However, while the potential benefits of chatGPT in education are significant, I also have some concerns. One of my main fears is that chatGPT may not always provide accurate or satisfactory responses to student questions or inquiries. While it can generate human-like text, it may not always fully understand the context or nuances of a conversation, leading to misunderstandings or frustrated students.

Another fear is that chatGPT may lack the personal touch and connection that a human teacher may provide. While chatGPT can provide fast and efficient responses, it may not be able to fully understand or address the emotions and concerns of a student in the same way that a human can. Teaching is not only about imparting knowledge, but also about understanding the students and giving them the emotional support that they need.

Furthermore, I fear that chatGPT may replace human teachers in the classroom, leading to job loss and a reduction in the quality of education. While chatGPT can certainly be a helpful supplement to traditional teaching methods, it should not be relied upon as a replacement for human teachers. Human teachers bring a wealth of experience, knowledge, and empathy to the classroom, and they play a crucial role in the educational process.

In conclusion, while chatGPT has the potential to revolutionize the way we learn and make education more accessible and personalized, it is important to consider the potential downsides and address them. I hope that with proper implementation and research, we can realize the full potential of chatGPT and AI in education, while also preserving the human touch and connection that is crucial for effective learning.

Thank you for taking the time to read my letter, and I look forward to seeing the future developments of chatGPT and AI in education.”


Well, well. That’s a pretty good letter. Even if I say so ‘myself’. You / I raise some important issues.

It’s an exciting time. We’re at a watershed: the cusp of a paradigm shift.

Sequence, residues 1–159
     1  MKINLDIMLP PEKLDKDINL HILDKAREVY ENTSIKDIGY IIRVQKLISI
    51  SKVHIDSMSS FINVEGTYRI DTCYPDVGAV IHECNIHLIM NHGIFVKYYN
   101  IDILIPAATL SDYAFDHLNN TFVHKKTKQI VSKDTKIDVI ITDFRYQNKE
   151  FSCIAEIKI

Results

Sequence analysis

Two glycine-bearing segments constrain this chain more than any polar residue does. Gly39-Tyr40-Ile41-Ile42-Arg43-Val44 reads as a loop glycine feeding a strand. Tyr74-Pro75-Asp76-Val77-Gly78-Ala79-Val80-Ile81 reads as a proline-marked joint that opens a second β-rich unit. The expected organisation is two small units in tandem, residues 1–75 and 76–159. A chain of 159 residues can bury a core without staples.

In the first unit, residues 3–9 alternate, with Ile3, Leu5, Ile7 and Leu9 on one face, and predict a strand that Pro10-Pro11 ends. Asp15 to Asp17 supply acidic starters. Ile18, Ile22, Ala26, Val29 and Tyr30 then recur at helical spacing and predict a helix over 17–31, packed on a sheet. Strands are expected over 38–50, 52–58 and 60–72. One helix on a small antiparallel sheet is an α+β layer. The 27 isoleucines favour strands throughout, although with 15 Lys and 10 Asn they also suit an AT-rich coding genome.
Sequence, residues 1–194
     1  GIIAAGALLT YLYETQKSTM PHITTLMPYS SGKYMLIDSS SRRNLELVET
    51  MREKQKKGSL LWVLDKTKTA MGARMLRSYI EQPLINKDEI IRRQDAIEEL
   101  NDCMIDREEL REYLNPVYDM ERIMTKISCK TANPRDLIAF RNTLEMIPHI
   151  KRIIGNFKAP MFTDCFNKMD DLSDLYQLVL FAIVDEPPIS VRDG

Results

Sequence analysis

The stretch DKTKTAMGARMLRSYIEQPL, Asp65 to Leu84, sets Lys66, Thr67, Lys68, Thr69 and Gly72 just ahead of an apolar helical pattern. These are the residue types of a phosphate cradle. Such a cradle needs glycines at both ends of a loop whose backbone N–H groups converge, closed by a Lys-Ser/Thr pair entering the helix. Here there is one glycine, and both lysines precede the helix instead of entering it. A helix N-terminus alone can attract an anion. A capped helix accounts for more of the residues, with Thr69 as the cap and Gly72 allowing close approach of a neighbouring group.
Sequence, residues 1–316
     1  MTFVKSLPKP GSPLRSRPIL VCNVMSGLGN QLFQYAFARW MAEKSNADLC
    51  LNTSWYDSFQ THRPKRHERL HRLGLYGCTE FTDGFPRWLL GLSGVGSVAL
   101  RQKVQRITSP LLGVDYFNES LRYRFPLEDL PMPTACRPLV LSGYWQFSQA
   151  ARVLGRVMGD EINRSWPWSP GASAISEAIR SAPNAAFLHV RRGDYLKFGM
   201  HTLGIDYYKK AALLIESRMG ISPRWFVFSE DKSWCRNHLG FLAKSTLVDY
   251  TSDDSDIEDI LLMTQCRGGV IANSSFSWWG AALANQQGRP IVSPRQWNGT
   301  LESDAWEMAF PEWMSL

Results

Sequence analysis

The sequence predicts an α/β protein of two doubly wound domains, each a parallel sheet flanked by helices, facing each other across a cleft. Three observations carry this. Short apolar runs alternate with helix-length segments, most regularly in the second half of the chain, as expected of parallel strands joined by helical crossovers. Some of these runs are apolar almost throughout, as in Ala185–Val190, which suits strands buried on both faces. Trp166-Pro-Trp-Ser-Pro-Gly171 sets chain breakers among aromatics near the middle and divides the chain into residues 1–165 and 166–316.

Let’s watch this space.

And how you fill it…

*ChatGPT is an AI tool that can perform language generation tasks based on whatever commands its user gives it…


Dear Reputation

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Transylvania has a reputation. Literally the ‘land beyond the forest’, Transylvania is known for its beautiful countryside. The Carpathian Mountains arc majestically for over 900 miles from the north to the east of the country. The rural landscape is largely unchanged since medieval times. It’s like going back in time.

Not many will have visited Transylvania – as I recently did – but pretty much everyone has heard of it. The ‘Hotel Transylvania’ films may have done their bit, but Transylvania has long had a reputation. Mention Transylvania and the same things will come to mind. Castles; forests; wolves – and vampires. The legend of Count Dracula.

Bram Stoker’s epistolary novel, Dracula, first published in 1897, draws heavily on Transylvanian folklore. For example, there are many tales of the Strigoi, un-dead souls that rise from their graves and haunt the villages of Transylvania. The defence against them? Garlic and incense. Some scholars say that Dracula is part-inspired by King Vlad, who was ruler of Wallachia in the 15th Century. Arguably one of the cruellest rulers of all time – he was known as Vlad the Impaler – it’s easy to imagine how he earned his grim reputation.

125 years on from its publication, Bram Stoker’s Dracula enjoys a reputation as the archetypal horror novel.  Reading Dracula in Transylvania made me think about reputations – fictional and real.  How reputations are earned; shaped and carried through time; lost and recovered.  I’ve always felt rather uneasy with the word ‘reputation’: ‘beliefs or opinions that are generally held about someone or something’. Just because a view is ‘generally held’ does it necessarily mean it’s true?  Surely a reputation depends on perspective: how much we know and where we are viewing things from?  Thirdly, a concern for reputation might make us suspicious that things are being done for appearance rather than out of sincerity.

But, like it or not, reputation is a reality.  Individuals have reputations.  Our digital reputations precede us like avatars.  The media shape our views of people and institutions.  Businesses and organisations invest in their reputations as they navigate change.  (We might look at what’s going on at Twitter as a current example).  Countries, and their leaders, have reputations; markets turn on perceptions.  In general, we do seem to care about reputation.  But should we?